Anxiety about health and coronavirus

Anxiety about health and coronavirus

Friday, 10 July 2020

The Coronavirus (COVID-19) pandemic has led to a situation where we have to be mindful about our health and wellbeing.

As we return to schools, colleges and workplaces, we are being told how to keep safe, recognise symptoms and respond if we become ill. If you do notice worrying symptoms, follow the HSE advice: phone the GP to make sure you are OK and discuss what care you might need. However, many of us are feeling increased anxiety about our health which is not helpful.

Although things are starting to return to normal, many of us are still unable to take part in our pre-covid routines. We may have lost previous coping strategies or fallen into unhelpful habits during the period of lockdown. The current situation can increase worry about our own health, and that of others. This stress in itself can impact our physical health. For this reason, we must do our best to manage stress.

This is a natural way that our body responds to what we perceive as a threat.

The vicious cycle

Stress can lead to us becoming over-aware of possible risks. Focusing on symptoms or physical sensations can create worry about what they are. Our body responds to stress in natural ways such as an upset stomach, headaches, breathlessness and tightness in our chest.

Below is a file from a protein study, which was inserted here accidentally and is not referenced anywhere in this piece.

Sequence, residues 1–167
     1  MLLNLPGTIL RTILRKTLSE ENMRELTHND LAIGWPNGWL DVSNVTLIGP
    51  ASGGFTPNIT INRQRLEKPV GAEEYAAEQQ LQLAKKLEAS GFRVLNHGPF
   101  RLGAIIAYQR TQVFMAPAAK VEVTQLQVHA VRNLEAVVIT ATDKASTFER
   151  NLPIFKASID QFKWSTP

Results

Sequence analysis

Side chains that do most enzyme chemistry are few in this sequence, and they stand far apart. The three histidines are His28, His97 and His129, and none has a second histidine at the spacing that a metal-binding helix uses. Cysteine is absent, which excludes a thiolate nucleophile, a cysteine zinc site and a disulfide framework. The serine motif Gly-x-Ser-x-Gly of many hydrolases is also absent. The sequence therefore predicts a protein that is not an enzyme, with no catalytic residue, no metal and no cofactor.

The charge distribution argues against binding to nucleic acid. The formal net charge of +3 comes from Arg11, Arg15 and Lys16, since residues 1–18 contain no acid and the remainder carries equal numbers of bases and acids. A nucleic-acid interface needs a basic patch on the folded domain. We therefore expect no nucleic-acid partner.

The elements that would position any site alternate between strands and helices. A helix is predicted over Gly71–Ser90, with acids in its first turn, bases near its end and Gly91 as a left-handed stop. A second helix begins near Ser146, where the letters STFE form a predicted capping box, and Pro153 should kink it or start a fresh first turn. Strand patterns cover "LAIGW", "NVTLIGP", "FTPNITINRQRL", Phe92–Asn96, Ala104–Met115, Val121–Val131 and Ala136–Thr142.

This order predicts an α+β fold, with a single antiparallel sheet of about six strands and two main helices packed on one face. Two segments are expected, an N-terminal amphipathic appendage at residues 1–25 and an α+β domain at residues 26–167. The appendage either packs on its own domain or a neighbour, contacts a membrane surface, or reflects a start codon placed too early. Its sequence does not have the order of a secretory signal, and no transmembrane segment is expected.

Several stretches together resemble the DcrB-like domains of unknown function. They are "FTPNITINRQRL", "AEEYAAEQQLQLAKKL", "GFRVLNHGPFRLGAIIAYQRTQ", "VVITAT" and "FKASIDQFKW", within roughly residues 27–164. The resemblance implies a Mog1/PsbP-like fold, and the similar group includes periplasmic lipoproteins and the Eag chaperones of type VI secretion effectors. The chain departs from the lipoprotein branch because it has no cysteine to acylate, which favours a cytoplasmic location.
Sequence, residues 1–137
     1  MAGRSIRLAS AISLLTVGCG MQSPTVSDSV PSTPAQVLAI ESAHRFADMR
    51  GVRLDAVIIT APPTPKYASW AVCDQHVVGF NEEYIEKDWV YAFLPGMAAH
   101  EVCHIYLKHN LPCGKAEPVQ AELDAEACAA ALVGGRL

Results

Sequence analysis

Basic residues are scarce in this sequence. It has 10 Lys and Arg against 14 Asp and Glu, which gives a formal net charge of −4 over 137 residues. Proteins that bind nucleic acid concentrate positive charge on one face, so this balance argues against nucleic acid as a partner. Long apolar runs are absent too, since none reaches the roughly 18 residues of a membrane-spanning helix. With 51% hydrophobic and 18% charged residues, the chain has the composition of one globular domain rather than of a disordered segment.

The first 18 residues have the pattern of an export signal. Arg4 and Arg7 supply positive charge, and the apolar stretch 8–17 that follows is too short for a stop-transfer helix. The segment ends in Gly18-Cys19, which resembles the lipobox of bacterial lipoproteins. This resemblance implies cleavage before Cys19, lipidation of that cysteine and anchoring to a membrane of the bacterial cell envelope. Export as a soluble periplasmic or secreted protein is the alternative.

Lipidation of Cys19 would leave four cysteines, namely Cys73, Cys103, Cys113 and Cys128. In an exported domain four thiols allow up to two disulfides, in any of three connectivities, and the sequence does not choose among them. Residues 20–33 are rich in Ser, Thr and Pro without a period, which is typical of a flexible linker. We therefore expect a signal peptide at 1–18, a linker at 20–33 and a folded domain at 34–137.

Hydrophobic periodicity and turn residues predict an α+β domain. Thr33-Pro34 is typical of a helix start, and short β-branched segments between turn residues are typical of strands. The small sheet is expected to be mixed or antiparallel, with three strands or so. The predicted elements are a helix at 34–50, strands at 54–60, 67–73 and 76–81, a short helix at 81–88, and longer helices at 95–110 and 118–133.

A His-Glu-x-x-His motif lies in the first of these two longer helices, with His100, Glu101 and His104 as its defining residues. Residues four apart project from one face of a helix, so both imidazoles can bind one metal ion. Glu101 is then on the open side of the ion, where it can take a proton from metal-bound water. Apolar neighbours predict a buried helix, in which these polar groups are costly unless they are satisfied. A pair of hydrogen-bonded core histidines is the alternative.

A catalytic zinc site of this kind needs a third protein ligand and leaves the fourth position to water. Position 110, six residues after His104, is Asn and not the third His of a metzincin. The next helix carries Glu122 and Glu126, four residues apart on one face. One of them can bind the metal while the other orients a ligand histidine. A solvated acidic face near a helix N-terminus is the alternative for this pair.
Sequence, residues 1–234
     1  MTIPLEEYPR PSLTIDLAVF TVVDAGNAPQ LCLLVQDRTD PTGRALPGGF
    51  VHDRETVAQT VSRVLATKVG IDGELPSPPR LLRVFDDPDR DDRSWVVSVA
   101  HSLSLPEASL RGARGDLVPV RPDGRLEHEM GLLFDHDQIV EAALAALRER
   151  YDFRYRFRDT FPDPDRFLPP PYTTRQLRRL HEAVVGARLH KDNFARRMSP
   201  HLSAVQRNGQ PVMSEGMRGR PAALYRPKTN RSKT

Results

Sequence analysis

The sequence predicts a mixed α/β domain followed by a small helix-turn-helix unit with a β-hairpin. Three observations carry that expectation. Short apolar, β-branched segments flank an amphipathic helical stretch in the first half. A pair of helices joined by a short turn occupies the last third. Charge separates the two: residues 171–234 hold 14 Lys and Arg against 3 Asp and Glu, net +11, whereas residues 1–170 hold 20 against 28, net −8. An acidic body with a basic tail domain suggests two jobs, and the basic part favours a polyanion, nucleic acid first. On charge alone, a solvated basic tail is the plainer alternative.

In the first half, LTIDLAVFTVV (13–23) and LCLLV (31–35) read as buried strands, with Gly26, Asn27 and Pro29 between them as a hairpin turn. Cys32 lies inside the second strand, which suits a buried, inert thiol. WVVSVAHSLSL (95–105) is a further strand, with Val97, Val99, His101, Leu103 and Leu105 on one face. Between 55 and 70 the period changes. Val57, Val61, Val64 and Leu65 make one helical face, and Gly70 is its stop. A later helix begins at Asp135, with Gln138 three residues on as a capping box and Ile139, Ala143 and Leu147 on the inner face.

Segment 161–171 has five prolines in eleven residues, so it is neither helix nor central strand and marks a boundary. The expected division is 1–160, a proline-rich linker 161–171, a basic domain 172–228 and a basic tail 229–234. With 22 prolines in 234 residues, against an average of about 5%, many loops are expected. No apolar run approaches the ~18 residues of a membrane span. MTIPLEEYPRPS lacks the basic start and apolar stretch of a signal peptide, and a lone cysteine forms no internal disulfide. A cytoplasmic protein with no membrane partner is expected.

Tuning into these feelings can lead to further worries, feeding thoughts that we are not well. This can become a vicious cycle: checking for health symptoms, thinking more about our health and increased anxiety.

A natural response

Keep in mind that this is a natural way for our bodies to respond to what we perceive as threats. Human beings have evolved that way for safety reasons. Recognising this can help us respond better to these symptoms.

Worry can become a problem if it becomes excessive. It can feel uncontrollable and interfere in our ability to do things. Excessive worry can be mentally draining and leave us feeling exhausted and upset. Sometimes we are not aware of how much attention it takes or the impact it can have on our health. It is also OK to feel overwhelmed at times, and to be upset.

How to manage health anxiety

  • Remember, stress isn’t a problem in itself- As long as it’s balanced with periods of relaxation.
  • Take time to mindfully breathe- Focus on the breath and recognise that these are only thoughts, not necessarily facts.
  • Find distractions- Reading, cleaning and calling a friend are some examples of good distractions. We can also find a quiet space in our homes to relax, play board games or watch a funny movie.
  • Get the health basics right- Exercise, eat well and try to not let the situation mess up your sleep routine.
  • Create structure and routine- As much as possible try to create a daily routine.
  • Remember, this distress is understandable. It is OK to worry about our health right now but also important to focus on something positive.
  • Consult with a doctor if you don’t feel well- Particularly if there is a risk to the health of others. If you are assured you are OK, do not continue to seek assurance unless these health issues persist.

Finally, we need to remind ourselves that “this will pass”. This is the case with our concern around our own health, that of those around us and the difficulties being experienced around the world.

You can read more about health anxiety in this self-help guide produced by the NHS.

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